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Intergration Dipole

  1. Nov 18, 2009 #1
    1. The problem statement, all variables and given/known data

    We know the magnitude of the electric field at a location on the x axis and at a location on the y axis, if we are far from the dipole.

    (a) Find [tex]\Delta[/tex]V= V_p - V_a along a line perpendicular to the axis of a dipole. Do it two ways: from superposition of V due to the two charges and from the integral of the electric field.

    (b) Find [tex]\Delta[/tex]V = V_c - V_d along the axis of the dipole. Include the correct signs. Do it two ways: from the superposition of V due to the two charges and from the integral of the electric field.


    2. Relevant equations

    V_q = (1/4[tex]\pi[/tex][tex]\epsilon[/tex]_0)(+or-q/r)
    k= 1/4[tex]\pi[/tex][tex]\epsilon[/tex]_0

    3. The attempt at a solution

    (a)
    superposition
    [tex]\Delta[/tex]V= (1/4[tex]\pi[/tex][tex]\epsilon[/tex]_0)(+q/(d^2+(s^2)/4))^(1/2))-(1/4[tex]\pi[/tex][tex]\epsilon[/tex]_0)(-q/(d^2+(s^2)/4))^(1/2))

    [tex]\Delta[/tex]V= 0

    BUT
    i dont kno how to do integral
    i think its

    integral from p to a : E times dd

    how do i do it?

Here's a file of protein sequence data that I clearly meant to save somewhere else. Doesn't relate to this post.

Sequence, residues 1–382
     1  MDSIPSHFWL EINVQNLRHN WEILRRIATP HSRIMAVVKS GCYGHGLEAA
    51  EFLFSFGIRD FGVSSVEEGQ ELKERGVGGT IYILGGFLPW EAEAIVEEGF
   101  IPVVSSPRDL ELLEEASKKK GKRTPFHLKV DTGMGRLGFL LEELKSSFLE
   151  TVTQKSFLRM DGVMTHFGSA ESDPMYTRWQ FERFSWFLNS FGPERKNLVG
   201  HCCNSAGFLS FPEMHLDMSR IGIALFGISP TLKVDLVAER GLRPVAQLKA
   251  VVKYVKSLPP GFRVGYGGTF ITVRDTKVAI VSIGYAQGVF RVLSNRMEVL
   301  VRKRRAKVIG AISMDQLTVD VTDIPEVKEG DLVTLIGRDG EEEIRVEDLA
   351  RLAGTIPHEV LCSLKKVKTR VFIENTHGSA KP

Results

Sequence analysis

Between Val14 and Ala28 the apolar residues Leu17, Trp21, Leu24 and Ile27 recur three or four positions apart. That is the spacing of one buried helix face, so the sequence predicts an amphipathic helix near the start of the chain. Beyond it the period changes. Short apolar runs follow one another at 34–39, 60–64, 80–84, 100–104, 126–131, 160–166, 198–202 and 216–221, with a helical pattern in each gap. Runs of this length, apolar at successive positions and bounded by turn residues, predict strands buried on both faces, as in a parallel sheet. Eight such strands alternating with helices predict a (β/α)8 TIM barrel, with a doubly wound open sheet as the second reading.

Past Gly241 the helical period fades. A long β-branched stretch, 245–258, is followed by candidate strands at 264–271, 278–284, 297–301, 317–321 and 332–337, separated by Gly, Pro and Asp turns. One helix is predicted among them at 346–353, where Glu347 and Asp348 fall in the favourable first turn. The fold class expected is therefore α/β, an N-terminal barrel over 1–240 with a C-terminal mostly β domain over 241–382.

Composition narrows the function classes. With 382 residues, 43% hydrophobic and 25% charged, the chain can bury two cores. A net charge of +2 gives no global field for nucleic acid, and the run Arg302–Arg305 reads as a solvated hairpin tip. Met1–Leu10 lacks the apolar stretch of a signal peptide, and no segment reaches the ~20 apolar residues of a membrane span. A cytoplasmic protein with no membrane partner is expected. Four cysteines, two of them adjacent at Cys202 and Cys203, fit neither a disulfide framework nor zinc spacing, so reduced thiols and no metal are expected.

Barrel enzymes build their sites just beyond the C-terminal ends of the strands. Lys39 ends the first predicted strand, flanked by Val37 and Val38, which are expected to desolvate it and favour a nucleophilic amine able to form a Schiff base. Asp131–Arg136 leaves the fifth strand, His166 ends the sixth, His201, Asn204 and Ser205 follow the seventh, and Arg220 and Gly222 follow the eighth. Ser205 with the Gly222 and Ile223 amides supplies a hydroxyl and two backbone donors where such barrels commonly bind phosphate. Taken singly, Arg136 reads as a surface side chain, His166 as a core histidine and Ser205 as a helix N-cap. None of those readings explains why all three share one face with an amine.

i thinks its....

    int from a to b: kq/r^2

    and i use formula:
    int of 1 / x^2 + a^2 dx = (1/a)tan^-1 (x/a)

    but im not sure how to use it or show the answer


    (b) superposition



    [tex]\Delta[/tex]V = V_c - V_d
    = (E_c)a - (E_d)b = 2kqsa/(a^3) -2kqsb/(b^3)
    = ((sq)/(2[tex]\pi[/tex][tex]\epsilon[/tex]_0))(1/(a^2)-1(b^2))

    but again

    i dont kno how to do integration

    i havent got a clue for part B
     

    Attached Files:

    Last edited: Nov 18, 2009
  2. jcsd
  3. Nov 18, 2009 #2

    rl.bhat

    User Avatar
    Homework Helper

    At the location on the y-axis
    due to +q charge
    E= k*q/r^2
    E = -dV/dr
    dV = - E*dr . V = - k*q* intg(1/r^2)*dr
    Find the integration. Similarly find V due to - q. Then find net V.
    Follow the same method to find V along x-axis.
     
  4. Nov 18, 2009 #3
    wats the R for V_a?

    wats the R for V_p?

    are they different?

    i think the R for V_a is ((s/2)^2 + d^2 ) )^ (1/2)

    but for V_p....

    is it just s/2?

    if thats true i dont think i will get 0 for [tex]\Delta[/tex]V = V_p - V_A
     
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